Back in April, when Disney and Coca-Cola unveiled the bottle design for beverages that would be sold at the new Star Wars: Galaxy’s Edge parks in Anaheim and Orlando, it looked like they’d thought of everything. The orb shape was reminiscent of the franchise’s thermal detonators, the font used for the distinctive logo was displayed in Aurebesh, the films’ written language, and the labels were even given a scuffed, rusted look.  

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For US flights, replica explosives are banned from carry-on and checked luggage—no exceptions. Image: Disney

There’s just one thing they didn’t consider: How park guests were going to get them home. Per the Transportation Security Administration’s policy, nothing resembling a real weapon is allowed in carry-on or checked luggage, and this week, the agency confirmed on Twitter that the rule applies to these bottles.

Though the public responses were predictably outraged, with more than one user noting that the bottles look more like Christmas ornaments than actual explosives, the TSA is standing firm. “This item is still considered a replica and is not allowed in carry-on or checked bags,” the agency tweeted. “If our officers discover a replica item during screening and believes it's real, the item will be treated as such until advised otherwise by law enforcement.”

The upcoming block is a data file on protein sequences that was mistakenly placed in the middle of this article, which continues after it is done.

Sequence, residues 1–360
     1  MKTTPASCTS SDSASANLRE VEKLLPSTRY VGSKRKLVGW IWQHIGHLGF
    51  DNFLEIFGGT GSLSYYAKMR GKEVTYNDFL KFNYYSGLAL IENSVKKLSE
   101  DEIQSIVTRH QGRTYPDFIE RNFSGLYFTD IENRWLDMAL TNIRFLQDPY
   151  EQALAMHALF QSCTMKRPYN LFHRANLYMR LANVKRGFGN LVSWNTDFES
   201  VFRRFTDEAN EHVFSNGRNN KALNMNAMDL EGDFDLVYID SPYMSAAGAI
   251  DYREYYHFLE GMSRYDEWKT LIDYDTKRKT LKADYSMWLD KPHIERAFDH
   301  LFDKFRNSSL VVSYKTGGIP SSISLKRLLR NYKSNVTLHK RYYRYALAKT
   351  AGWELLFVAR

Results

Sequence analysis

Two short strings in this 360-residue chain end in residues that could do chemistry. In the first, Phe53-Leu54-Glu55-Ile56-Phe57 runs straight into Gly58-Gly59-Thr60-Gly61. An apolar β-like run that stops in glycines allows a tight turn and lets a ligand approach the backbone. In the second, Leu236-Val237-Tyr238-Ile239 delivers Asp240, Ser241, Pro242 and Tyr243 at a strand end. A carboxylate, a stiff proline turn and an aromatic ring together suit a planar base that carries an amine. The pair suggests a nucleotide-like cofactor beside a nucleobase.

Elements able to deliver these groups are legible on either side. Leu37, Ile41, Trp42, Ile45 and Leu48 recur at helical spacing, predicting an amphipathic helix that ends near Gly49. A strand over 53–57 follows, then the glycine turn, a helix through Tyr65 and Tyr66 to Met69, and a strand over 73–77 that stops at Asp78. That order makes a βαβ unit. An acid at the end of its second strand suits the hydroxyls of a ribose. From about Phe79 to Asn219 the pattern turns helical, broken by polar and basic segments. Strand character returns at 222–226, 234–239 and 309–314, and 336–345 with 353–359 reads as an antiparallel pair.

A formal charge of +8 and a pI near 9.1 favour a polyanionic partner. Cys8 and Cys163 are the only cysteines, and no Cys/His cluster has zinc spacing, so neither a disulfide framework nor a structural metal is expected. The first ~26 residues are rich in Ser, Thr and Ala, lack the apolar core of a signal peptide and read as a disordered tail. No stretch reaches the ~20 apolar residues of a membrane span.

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Oga's Cantina slings plenty of beverages that don't come in a thermal detonator–style bottle. Image: Jeff Gritchen/MediaNews Group/Orange County Register via Getty Images

Last year, the man who formerly ran the TSA’s pun-tastic Instagram account explained the reasoning behind the rule. “People are sometimes confused because, in their minds, they're thinking it's not a real grenade,” said the late Bob Burns, in an interview with Lonely Planet’s sister publication, Budget Travel. “But what they don't realize is when are X-ray operators see that come across the screen, they see the shape of a grenade—they don't know what's inside. To them, it's a real grenade, and at that point they have to call law enforcement, and they have to call the bomb-appraisal officers, and everything stops. And sometimes it can close down a lane, sometimes it can close down a checkpoint, sometimes it can lead to an evacuation.”

Though some users reported that they were able to bring the bottles through security without any trouble, your best bet is shipping them to yourself if you’re desperate to bring them home. But you don’t need to leave entirely empty-handed: Lightsabers are cleared to fly. “Sadly, the technology doesn't currently exist to create a real lightsaber,” the TSA says on its site. “However, you can pack a toy lightsaber in your carry-on or checked bag. May the force be with you.”

UPDATE: After this story was published, the TSA reversed their ban on the bottles and instructed their agents to treat the souvenirs as "oversized liquid".

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